New projects approved for SLL funding

The Student Life Levy Committee has given the go-ahead on proposals to enhance student life on campus.
(Infograph by Stephanie Truong.)

(Infograph by Stephanie Truong.)

Last month, the Student Life Levvy (SLL) Committee approved 18 of the 33 projects that were proposed to enhance student life on the Wilfrid Laurier University campus.

The SLL is a pool of money that all undergraduates pay into in order to support these projects, which are chosen each year. The goals of these projects are to enhance campus life for students, as well as their overall experiences while studying.

The cost for the 2012 to 2013 year was $32.80 for each student per semester, which accumulated a grand total of $1, 039,515.49. Of this amount, $577,919.71 was given to the 18 approved projects, with another $461,595.78 allocated towards the Athletic Complex expansion.

Of the 18 projects that were approved for the Waterloo campus for the 2012 to the 2013 year, the majority were with regards to renovating current study space, such as adding more outlets to the library, and aiding enhancing mental and physical health, which includes new yogi yoga classes.

“It’s pretty straight-forward,” said Jon Pryce, chair of the board of directors and chief governance officer. “And it’s actually Waterloo-student based.”
Waterloo students pay into the SLL each semester that they are enrolled. The cost, according to Appendix A of the SLL agreement states that the index price rises 2.5 per cent annually.

While reviewing the proposed projects, the committee must analyze how they fit into specific guidelines to ensure that they will, in fact, benefit students.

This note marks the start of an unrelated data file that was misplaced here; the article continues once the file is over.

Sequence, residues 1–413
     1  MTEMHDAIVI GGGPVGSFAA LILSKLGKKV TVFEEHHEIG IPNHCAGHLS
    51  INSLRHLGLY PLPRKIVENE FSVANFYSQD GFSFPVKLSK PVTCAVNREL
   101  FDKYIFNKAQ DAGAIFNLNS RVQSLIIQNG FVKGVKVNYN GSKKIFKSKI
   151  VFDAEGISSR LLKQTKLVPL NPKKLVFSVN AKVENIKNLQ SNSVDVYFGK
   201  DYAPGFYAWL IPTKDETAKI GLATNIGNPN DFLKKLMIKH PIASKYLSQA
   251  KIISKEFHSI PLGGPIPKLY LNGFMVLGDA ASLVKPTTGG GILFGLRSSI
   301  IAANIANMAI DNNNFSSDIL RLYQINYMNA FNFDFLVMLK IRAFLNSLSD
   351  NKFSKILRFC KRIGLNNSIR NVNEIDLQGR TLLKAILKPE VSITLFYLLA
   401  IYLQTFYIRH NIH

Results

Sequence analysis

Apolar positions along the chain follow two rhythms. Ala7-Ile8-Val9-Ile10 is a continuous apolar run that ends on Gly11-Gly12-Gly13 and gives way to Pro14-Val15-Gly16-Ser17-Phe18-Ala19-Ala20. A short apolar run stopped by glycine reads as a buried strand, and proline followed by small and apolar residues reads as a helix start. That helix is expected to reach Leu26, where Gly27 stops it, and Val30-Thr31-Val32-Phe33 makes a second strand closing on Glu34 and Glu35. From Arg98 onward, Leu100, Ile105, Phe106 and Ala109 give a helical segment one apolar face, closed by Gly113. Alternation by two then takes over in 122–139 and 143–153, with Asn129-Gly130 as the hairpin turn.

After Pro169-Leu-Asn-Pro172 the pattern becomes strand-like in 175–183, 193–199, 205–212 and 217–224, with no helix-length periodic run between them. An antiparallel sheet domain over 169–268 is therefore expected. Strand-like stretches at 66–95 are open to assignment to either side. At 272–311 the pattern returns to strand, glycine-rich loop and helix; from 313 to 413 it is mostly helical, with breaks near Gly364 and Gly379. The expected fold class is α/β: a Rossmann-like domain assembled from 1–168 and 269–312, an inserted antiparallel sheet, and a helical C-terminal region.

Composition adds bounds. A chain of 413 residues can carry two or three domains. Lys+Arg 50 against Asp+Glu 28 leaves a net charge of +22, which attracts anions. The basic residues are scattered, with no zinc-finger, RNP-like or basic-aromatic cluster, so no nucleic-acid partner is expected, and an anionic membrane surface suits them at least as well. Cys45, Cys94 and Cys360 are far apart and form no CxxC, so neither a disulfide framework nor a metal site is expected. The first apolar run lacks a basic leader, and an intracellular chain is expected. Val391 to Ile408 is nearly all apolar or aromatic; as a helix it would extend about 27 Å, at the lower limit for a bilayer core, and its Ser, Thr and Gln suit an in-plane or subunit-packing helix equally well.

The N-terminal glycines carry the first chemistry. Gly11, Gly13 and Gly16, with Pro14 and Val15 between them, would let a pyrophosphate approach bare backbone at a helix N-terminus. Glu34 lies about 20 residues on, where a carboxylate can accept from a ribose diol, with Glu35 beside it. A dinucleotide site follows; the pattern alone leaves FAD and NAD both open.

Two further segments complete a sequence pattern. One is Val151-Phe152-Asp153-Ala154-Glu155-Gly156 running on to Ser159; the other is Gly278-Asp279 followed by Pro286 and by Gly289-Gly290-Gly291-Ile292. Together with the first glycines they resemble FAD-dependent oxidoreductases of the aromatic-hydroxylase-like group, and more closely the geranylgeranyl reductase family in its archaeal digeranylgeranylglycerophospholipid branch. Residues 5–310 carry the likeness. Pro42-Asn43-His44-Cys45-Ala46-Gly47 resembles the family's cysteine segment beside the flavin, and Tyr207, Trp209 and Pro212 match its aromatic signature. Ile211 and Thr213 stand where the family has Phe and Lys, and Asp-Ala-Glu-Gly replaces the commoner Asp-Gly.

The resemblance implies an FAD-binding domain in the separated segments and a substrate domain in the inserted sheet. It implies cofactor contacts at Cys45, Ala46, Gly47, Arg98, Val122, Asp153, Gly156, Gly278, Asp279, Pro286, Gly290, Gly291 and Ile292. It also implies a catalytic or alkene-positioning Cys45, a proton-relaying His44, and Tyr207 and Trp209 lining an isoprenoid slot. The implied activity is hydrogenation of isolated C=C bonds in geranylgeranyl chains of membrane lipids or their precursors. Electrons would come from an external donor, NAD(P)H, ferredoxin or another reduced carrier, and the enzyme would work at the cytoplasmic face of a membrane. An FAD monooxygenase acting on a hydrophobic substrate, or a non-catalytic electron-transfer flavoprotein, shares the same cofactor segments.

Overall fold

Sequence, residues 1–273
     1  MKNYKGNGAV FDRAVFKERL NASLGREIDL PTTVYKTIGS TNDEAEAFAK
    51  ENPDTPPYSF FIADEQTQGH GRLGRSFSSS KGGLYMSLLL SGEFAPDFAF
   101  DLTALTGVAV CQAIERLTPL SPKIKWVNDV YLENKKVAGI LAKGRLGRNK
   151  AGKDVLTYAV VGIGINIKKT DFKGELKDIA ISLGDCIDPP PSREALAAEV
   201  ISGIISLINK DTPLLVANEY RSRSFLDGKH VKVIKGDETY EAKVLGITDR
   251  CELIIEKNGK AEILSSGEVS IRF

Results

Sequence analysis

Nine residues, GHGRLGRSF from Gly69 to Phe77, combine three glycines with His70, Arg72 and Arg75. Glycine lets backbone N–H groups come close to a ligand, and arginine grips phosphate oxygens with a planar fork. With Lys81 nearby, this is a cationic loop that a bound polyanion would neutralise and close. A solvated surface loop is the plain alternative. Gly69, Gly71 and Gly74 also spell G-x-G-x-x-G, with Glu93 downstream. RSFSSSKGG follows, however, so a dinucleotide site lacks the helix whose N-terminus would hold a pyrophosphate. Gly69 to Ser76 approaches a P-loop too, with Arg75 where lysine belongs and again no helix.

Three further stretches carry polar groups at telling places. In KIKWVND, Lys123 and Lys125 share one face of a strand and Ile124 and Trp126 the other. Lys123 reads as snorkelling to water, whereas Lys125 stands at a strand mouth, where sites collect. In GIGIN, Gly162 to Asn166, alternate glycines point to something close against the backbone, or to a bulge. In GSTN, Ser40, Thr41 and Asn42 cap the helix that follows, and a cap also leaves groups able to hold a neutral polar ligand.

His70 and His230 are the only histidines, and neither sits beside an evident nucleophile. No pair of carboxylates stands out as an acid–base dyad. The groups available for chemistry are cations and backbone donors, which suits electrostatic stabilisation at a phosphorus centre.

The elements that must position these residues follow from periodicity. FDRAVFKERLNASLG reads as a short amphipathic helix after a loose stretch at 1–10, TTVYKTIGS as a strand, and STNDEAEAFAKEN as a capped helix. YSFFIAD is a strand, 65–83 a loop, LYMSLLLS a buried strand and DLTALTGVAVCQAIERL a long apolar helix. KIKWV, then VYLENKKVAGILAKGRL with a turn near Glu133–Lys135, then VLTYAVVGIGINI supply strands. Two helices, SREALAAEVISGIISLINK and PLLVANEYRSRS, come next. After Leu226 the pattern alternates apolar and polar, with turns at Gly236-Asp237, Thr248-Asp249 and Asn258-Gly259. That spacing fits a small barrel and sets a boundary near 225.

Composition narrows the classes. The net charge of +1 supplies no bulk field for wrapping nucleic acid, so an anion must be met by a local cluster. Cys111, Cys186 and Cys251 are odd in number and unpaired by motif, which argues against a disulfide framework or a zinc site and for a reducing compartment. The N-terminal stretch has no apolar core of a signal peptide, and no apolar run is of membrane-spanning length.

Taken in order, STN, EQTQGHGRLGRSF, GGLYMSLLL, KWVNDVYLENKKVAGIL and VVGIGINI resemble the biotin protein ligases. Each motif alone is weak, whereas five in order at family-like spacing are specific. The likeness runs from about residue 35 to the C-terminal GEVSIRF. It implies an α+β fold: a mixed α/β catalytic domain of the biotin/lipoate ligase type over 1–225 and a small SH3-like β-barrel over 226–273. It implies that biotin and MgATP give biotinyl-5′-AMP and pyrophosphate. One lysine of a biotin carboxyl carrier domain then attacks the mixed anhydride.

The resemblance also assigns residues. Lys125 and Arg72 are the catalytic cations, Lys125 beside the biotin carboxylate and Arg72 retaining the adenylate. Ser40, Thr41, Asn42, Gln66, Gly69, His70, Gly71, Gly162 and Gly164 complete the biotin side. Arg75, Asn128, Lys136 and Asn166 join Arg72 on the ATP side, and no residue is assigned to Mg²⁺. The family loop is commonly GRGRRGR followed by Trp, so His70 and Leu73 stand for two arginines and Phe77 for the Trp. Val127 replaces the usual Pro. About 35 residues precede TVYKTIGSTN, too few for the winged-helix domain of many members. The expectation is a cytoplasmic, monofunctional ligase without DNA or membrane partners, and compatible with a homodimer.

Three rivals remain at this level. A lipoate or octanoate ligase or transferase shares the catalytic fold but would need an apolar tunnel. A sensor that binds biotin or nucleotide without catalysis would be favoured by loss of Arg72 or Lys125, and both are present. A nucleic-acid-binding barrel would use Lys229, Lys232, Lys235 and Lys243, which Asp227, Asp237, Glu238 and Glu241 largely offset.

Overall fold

“We have to make sure that the projects that come to us increase opportunities for students,” explained Pryce. “They’re pretty self-explanatory: improve personal health and fitness, increase opportunity for students to engage with each other, culture and learning outside of classroom space, so very strict criteria.”

“And then obviously the committee can determine something else that is kind of along the lines but not exact,” he continued.

There can, however, be some flexibility within these guidelines if a project has the potential to benefit students in alternative ways.

“If we find that there are other needs that students have, as determined by the committee, we will say ‘okay, this is what will enhance student life,’” said Pryce.

The ones that were declined, which Pryce said he was not at liberty to discuss, were because they did not fit any of the guidelines or provide enough justification to fit.

While these projects are limited to the Waterloo campus as of now, Brantford students did vote to create a SLL for their campus in 2011, but it was denied.

“They just didn’t see a value in it,” commented Pryce.

However, any Laurier student can make a proposal for an SLL project. If a member of the voting committee approves the project on the first level, it is then taken to their annual meeting to be discussed and then either officially passed or declined.

“It’s one of those situations where we all [want to] achieve the same thing and enhance student life,” concluded Pryce.

“That’s what I really like about this committee, [and] you see the university’s angle and you see the Student’s Union angle, and we compromise, and we come up with a collective solution.”

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